Steroid Receptors: A Historical Perspective
Receptor theory got its start over a century ago when Langley (1) proposed that tissues contained specific substances that combined with drugs to produce their effects. However, it was not until 1959 that the direct demonstration of tissue binding of a cell regulator was reported. Jensen and associates (2) and Glascock and Hoekstra (3) observed that target organs of the estrogens retained more labeled estrogen than nontarget organs after systemic administration of the labeled hormone. Thus was born the concept of the estrogen receptor and the whole field of experimental receptorology.
KeywordsSteroid Receptor Estrogen Action High Specific Activity Pyridine Nucleotide Steroid Hormone Action
Unable to display preview. Download preview PDF.
- 1.Langley JN. On the physiology of the salivary secretion. J Physiol (London) 1879; 1: 339–69.Google Scholar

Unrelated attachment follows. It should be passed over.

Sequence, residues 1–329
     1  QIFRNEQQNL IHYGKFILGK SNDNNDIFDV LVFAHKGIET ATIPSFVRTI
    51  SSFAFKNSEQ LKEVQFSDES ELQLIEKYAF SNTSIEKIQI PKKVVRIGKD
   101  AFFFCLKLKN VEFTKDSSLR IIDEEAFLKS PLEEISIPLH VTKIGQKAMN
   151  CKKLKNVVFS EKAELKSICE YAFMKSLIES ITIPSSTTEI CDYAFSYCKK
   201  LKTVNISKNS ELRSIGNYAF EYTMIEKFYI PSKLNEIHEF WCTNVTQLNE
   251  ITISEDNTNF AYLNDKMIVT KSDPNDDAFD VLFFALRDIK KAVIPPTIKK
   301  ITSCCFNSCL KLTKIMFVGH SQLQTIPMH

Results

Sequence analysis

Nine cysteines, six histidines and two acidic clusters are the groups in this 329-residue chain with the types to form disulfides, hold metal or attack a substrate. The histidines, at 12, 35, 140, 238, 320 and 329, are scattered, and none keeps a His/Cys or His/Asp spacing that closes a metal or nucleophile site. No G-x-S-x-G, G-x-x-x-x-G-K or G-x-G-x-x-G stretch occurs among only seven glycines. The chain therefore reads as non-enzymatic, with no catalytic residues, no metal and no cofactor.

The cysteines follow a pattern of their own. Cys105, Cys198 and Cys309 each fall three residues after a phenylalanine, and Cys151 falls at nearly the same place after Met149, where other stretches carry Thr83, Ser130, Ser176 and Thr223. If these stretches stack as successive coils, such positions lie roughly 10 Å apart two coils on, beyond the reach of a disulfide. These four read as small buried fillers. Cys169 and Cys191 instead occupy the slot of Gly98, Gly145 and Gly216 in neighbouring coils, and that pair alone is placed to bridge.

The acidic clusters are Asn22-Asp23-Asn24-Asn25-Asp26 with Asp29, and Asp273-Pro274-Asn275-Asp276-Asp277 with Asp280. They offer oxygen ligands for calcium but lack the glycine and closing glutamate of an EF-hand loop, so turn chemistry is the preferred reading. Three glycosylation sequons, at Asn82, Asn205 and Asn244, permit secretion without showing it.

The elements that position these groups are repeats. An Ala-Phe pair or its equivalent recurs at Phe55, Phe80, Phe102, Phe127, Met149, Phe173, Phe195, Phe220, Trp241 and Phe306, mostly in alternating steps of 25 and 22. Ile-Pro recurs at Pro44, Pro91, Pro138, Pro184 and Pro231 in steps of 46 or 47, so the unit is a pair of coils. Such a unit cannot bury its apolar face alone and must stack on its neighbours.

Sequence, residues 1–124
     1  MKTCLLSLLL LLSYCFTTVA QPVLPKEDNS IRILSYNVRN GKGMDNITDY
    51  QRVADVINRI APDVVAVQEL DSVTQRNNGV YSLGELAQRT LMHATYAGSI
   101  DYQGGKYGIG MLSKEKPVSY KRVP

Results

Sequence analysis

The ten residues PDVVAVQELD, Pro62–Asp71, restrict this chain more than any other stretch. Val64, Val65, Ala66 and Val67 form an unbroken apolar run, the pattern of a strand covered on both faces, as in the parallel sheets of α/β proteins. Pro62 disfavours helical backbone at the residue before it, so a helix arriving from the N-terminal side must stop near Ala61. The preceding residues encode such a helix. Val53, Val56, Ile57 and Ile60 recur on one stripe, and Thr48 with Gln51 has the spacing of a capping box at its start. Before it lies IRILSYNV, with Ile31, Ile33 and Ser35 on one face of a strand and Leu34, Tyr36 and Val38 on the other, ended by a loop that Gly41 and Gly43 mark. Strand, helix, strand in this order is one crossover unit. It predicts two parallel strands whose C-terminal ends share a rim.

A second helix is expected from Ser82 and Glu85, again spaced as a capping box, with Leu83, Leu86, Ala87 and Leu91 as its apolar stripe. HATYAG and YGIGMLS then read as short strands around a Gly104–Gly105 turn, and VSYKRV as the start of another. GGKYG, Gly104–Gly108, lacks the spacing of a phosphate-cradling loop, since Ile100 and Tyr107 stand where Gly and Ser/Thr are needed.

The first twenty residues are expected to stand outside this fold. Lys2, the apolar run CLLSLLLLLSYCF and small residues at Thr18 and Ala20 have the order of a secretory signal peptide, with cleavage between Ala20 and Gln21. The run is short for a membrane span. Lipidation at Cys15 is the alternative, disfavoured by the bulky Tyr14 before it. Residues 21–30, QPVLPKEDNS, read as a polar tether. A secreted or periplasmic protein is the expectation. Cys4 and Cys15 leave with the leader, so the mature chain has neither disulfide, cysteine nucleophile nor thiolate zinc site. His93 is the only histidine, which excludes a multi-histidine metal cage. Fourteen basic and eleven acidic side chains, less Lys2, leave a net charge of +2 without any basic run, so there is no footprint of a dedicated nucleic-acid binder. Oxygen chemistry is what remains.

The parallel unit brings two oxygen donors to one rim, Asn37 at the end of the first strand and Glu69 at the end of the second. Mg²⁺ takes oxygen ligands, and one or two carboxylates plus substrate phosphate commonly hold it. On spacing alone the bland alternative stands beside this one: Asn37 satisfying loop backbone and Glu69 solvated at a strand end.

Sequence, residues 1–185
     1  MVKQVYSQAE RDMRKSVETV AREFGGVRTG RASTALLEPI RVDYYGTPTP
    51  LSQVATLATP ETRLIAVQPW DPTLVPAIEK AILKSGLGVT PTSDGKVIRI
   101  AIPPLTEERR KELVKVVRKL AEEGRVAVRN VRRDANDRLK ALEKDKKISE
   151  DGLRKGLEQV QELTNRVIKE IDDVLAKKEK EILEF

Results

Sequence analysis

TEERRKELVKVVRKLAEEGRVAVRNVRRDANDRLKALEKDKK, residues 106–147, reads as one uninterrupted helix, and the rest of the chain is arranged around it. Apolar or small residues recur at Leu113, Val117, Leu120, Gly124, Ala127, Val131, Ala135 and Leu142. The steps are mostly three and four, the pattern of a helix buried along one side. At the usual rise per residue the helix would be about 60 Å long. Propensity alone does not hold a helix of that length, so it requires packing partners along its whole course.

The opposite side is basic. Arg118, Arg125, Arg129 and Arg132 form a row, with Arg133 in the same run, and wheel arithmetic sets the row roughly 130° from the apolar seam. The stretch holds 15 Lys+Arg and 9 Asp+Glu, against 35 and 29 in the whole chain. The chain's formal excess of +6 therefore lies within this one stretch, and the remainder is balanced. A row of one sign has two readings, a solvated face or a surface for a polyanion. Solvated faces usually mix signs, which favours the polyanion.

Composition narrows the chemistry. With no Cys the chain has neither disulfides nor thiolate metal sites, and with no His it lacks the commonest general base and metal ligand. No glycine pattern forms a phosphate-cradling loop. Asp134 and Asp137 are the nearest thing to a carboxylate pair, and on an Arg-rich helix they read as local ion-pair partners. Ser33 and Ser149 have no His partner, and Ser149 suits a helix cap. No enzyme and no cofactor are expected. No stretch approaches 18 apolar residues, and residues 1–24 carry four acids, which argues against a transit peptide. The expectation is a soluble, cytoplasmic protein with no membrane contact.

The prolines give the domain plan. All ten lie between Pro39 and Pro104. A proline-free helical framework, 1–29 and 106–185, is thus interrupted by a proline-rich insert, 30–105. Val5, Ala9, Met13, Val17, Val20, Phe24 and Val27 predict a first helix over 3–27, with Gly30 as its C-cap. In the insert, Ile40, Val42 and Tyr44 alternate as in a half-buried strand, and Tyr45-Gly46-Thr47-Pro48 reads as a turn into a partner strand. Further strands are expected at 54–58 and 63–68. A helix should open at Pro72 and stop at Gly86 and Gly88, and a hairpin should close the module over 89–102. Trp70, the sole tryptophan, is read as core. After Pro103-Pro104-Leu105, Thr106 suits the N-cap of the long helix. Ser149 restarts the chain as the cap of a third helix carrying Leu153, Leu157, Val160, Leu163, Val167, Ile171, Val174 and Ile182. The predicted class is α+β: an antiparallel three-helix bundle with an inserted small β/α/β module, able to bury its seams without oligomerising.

- 2.Jensen EV, Jacobson HI. Fate of steroid estrogens in target tissues. In: Pincus G, Vollmer E, eds. Biological activities of steroids in relation to cancer. New York: Academic Press, 1960: 161–78.Google Scholar
- 4.Green DE. Enzymes and trace substances. In: Nord FF, ed. Advances in enzymology. New York: Interscience Publishers, Inc., 1941: 17–798.Google Scholar
- 7.Szego CM, Roberts S. Steroid action and interaction in uterine metabolism. Recent Prog Horm Res 1953; 8: 419–69.Google Scholar
- 15.Gorski J, Hansen J. The one and only step model of estrogen action. Steroids (in press).Google Scholar